Segmental duplications in the human genome reveal details of pseudogene formation
Segmental Duplications, Genomic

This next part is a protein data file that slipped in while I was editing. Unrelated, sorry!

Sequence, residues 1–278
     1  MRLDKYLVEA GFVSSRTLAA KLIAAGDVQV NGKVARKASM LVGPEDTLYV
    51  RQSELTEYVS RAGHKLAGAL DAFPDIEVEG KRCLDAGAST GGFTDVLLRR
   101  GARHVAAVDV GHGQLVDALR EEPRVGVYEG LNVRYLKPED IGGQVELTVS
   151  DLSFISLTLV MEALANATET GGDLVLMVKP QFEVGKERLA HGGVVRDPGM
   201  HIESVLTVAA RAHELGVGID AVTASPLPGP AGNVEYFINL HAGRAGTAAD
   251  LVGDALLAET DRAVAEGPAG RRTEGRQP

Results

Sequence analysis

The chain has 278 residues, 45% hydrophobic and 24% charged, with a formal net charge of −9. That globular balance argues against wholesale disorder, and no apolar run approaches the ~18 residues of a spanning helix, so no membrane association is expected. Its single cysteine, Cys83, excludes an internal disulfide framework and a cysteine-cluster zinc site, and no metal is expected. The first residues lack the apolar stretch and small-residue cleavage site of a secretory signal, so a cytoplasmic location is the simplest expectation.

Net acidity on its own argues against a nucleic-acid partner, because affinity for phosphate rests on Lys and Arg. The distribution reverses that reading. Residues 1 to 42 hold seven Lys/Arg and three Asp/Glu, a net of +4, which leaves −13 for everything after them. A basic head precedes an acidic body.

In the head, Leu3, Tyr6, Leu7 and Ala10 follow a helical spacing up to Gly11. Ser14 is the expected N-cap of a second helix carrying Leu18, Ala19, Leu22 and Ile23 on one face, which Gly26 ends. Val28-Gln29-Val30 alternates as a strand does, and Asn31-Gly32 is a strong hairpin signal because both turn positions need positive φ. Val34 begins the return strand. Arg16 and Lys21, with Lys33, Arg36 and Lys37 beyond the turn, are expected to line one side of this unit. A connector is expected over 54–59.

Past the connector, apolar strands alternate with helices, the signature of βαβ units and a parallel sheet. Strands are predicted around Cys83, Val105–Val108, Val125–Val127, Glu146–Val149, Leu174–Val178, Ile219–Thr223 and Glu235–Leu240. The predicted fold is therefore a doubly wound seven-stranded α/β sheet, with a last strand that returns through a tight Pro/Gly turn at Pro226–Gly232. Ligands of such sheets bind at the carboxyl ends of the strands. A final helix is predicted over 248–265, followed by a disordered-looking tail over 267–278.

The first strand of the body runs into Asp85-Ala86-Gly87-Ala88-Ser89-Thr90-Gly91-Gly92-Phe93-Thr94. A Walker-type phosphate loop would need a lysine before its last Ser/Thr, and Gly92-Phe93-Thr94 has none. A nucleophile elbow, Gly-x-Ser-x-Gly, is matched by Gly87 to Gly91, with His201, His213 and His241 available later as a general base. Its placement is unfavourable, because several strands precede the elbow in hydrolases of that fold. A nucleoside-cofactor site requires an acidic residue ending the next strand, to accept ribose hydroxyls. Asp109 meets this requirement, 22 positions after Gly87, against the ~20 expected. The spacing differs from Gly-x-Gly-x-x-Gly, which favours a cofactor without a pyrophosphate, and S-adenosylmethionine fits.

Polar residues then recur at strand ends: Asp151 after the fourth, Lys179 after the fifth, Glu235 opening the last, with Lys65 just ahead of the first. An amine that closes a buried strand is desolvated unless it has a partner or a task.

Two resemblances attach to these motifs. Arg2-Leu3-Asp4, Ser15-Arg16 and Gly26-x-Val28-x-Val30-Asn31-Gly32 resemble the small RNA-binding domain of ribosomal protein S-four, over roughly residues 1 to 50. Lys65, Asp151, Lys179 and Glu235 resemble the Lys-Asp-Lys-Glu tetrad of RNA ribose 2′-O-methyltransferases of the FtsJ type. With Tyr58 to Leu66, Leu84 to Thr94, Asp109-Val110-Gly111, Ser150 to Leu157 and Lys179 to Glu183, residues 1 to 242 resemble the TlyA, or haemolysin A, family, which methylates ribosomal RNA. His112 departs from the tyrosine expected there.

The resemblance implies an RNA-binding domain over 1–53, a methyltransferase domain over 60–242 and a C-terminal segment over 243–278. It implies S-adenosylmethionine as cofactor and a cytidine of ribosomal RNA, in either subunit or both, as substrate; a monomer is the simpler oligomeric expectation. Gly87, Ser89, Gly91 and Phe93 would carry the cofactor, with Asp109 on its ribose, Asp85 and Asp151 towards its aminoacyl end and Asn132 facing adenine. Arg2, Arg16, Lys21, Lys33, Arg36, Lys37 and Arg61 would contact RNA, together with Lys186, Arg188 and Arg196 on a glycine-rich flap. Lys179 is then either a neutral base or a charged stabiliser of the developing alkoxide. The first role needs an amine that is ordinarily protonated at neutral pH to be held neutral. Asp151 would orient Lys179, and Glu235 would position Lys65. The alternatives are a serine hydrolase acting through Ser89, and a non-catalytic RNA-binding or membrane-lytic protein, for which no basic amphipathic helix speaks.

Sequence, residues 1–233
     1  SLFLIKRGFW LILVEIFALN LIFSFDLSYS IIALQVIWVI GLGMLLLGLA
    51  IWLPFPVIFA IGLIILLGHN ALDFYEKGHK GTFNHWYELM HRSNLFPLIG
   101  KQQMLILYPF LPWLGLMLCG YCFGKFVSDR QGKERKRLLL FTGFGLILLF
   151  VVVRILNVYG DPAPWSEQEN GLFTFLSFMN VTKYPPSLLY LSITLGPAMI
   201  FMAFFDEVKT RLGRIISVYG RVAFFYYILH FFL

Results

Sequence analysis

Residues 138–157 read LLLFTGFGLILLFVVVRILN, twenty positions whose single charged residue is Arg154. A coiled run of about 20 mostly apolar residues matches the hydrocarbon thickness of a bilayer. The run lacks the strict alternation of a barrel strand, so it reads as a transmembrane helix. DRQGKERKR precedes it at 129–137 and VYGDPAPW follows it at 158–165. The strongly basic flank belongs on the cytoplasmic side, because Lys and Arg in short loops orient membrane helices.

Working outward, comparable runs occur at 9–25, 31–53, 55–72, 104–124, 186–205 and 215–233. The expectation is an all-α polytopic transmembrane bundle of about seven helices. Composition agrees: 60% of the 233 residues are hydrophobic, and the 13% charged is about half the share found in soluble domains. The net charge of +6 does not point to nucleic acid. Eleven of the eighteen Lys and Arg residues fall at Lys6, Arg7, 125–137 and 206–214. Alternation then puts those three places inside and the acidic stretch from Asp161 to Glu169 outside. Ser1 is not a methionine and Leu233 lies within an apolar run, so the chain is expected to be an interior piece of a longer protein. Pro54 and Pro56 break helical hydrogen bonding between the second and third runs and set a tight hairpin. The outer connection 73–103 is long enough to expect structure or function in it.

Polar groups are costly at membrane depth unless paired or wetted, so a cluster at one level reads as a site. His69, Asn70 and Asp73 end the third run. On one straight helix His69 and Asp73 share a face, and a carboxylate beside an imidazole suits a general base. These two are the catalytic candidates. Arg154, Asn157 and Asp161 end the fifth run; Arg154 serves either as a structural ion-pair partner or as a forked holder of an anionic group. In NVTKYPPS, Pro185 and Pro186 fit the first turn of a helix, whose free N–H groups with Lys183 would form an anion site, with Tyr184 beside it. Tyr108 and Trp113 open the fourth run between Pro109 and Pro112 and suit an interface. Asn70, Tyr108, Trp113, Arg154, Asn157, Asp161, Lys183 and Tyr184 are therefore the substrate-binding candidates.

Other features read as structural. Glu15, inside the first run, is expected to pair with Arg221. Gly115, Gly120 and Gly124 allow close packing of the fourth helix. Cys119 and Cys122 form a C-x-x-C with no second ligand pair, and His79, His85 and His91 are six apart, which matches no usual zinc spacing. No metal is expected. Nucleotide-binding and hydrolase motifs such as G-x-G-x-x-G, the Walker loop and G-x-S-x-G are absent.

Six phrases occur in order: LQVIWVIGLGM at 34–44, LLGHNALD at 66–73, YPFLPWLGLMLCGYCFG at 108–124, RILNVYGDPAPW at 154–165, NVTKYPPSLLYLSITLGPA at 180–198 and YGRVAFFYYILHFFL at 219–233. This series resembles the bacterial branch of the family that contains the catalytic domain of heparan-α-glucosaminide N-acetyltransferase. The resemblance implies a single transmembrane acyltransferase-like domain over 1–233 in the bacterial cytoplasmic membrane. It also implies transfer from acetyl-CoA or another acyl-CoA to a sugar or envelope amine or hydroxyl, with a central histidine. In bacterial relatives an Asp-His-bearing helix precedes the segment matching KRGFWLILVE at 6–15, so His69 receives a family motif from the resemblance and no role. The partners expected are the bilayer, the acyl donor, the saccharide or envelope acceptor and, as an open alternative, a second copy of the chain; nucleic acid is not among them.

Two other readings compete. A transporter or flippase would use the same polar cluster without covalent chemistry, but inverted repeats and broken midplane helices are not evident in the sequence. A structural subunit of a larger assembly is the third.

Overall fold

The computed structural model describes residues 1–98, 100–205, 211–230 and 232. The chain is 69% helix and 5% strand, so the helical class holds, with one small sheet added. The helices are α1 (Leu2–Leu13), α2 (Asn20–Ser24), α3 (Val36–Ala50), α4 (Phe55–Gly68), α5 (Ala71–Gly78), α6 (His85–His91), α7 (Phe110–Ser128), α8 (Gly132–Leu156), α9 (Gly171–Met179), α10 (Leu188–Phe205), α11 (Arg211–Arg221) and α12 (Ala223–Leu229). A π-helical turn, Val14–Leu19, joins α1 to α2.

Duplicated pseudogenes in the human genome are disabled copies of functioning parent genes. They result from block duplication events occurring throughout evolutionary history. Relatively recent duplications (with sequence similarity≥90% and length≥1 kb) are termed segmental duplications (SDs); here, we analyze the interrelationship of SDs and pseudogenes. We present a decision-tree approach to classify pseudogenes based on their (and their parents') characteristics in relation to SDs. The classification identifies 140 novel pseudogenes and makes possible improved annotation for the 3172 pseudogenes located in SDs. In particular, it reveals that many pseudogenes in SDs likely did not arise directly from parent genes, but are the result of a multi-step process. In these cases, the initial duplication or retrotransposition of a parent gene gives rise to a 'parent pseudogene', followed by further duplication creating duplicated-duplicated or duplicated-processed pseudogenes, respectively. Moreover, we can precisely identify these parent pseudogenes by overlap with ancestral SD loci. Finally, a comparison of nucleotide substitutions per site in a pseudogene with its surrounding SD region allows us to estimate the time difference between duplication and disablement events, and this suggests that most duplicated pseudogenes in SDs were likely disabled around the time of the original duplication.